Angela R. Records,1
Ping He,2 and
1Department of Plant Pathology and Microbiology and 2Department of Biochemistry and Biophysics, and Institute for Plant Genomics and Biotechnology, Texas A&M University, College Station, TX 77843, U.S.A.; 3Department of Plant Pathology and Plant-Microbe Biology, Cornell University, and 4United States Department of Agriculture-Agricultural Research Service, Ithaca, NY 14853, U.S.A.
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Accepted 27 December 2010.
Many bacterial pathogens inject a cocktail of effector proteins into host cells through type III secretion systems. These effectors act in concert to modulate host physiology and immune signaling, thereby promoting pathogenicity. In a search for additional Pseudomonas syringae effectors in suppressing plant innate immunity triggered by pathogen or microbe-associated molecular patterns (PAMPs or MAMPs), we identified P. syringae tomato DC3000 effector HopF2 as a potent suppressor of early immune-response gene transcription and mitogen-activated protein kinase (MAPK) signaling activated by multiple MAMPs, including bacterial flagellin, elongation factor Tu, peptidoglycan, lipopolysaccharide and HrpZ1 harpin, and fungal chitin. The conserved surface-exposed residues of HopF2 are essential for its MAMP suppression activity. HopF2 is targeted to the plant plasma membrane through a putative myristoylation site, and the membrane association appears to be required for its MAMP-suppression function. Expression of HopF2 in plants potently diminished the flagellin-induced phosphorylation of BIK1, a plasma membrane–associated cytoplasmic kinase that is rapidly phosphorylated within one minute upon flagellin perception. Thus, HopF2 likely intercepts MAMP signaling at the plasma membrane immediately of signal perception. Consistent with the potent suppression function of multiple MAMP signaling, expression of HopF2 in transgenic plants compromised plant nonhost immunity to bacteria P. syringae pv. Phaseolicola and plant immunity to the necrotrophic fungal pathogen Botrytis cinerea.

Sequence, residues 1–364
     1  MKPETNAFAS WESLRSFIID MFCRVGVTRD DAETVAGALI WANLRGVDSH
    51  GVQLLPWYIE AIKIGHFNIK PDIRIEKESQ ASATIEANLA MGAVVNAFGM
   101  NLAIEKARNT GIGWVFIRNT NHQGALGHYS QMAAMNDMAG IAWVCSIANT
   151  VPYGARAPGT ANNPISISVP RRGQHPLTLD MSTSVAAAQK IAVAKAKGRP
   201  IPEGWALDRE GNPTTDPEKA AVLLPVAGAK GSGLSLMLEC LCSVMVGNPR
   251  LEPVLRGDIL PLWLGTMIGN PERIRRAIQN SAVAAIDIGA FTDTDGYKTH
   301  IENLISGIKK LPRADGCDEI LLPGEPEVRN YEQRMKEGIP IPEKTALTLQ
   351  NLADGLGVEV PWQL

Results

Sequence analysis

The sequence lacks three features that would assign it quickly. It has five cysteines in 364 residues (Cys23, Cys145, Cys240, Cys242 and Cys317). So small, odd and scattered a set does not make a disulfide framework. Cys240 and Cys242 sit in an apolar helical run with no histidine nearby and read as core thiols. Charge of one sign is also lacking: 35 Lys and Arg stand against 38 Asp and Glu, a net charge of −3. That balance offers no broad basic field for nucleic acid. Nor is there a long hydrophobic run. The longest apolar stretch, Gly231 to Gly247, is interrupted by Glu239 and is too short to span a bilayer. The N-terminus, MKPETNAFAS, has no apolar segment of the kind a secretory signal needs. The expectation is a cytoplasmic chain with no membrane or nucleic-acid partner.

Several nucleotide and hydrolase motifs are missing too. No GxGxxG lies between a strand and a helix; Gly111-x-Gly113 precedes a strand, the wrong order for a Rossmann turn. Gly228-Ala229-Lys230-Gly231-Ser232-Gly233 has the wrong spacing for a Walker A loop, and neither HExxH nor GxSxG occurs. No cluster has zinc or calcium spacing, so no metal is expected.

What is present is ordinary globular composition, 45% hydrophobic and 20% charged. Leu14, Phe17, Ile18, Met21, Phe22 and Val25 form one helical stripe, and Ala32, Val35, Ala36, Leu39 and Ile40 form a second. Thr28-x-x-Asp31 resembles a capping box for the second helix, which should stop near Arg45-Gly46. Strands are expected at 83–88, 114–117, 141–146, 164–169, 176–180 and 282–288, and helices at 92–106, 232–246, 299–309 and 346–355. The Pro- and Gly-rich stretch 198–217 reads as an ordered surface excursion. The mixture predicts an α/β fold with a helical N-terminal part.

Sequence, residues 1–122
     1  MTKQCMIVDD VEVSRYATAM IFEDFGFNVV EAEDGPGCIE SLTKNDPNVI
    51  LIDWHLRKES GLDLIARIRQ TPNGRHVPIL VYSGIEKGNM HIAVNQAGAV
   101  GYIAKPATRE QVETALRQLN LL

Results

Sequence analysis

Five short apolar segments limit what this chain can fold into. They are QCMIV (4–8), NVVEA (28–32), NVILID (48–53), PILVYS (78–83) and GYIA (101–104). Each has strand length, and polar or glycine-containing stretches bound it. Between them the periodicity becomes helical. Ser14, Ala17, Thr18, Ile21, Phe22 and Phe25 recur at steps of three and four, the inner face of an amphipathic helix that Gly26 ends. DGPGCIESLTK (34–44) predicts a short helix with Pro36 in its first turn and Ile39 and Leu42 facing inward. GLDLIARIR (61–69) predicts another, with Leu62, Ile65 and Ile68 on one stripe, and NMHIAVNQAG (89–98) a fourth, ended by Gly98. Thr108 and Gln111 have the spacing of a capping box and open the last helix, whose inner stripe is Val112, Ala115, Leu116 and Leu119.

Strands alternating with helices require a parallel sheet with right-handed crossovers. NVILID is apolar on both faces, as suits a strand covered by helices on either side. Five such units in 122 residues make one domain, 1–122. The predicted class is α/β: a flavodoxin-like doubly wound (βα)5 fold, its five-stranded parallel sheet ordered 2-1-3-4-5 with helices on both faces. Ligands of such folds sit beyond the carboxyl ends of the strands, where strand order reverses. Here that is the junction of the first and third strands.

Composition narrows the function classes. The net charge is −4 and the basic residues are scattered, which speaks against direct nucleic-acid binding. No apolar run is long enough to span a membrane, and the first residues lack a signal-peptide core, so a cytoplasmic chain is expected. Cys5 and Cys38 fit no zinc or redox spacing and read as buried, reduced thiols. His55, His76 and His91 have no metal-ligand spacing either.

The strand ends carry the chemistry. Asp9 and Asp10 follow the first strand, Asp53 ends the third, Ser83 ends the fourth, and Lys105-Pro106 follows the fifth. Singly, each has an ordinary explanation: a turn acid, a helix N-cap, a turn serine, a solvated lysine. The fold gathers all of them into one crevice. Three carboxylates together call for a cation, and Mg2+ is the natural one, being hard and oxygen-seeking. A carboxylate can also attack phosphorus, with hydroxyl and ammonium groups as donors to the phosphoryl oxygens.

© 2011 The American Phytopathological Society